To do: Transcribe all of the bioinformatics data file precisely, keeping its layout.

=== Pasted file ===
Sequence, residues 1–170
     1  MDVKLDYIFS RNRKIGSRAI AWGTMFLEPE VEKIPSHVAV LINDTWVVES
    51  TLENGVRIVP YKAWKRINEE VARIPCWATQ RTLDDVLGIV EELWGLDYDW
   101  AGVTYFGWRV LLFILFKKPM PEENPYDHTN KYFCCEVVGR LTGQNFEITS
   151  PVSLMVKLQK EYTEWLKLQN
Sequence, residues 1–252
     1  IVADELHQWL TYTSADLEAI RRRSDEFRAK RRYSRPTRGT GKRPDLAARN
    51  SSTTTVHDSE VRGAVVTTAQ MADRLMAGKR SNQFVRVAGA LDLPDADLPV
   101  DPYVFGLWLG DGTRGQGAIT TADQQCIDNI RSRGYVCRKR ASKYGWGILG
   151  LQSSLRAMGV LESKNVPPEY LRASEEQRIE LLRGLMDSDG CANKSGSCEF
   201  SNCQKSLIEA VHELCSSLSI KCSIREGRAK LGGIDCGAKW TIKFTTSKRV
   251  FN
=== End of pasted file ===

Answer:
Sequence, residues 1–170
     1  MDVKLDYIFS RNRKIGSRAI AWGTMFLEPE VEKIPSHVAV LINDTWVVES
    51  TLENGVRIVP YKAWKRINEE VARIPCWATQ RTLDDVLGIV EELWGLDYDW
   101  AGVTYFGWRV LLFILFKKPM PEENPYDHTN KYFCCEVVGR LTGQNFEITS
   151  PVSLMVKLQK EYTEWLKLQN
Sequence, residues 1–252
     1  IVADELHQWL TYTSADLEAI RRRSDEFRAK RRYSRPTRGT GKRPDLAARN
    51  SSTTTVHDSE VRGAVVTTAQ MADRLMAGKR SNQFVRVAGA LDLPDADLPV
   101  DPYVFGLWLG DGTRGQGAIT TADQQCIDNI RSRGYVCRKR ASKYGWGILG
   151  LQSSLRAMGV LESKNVPPEY LRASEEQRIE LLRGLMDSDG CANKSGSCEF
   201  SNCQKSLIEA VHELCSSLSI KCSIREGRAK LGGIDCGAKW TIKFTTSKRV
   251  FN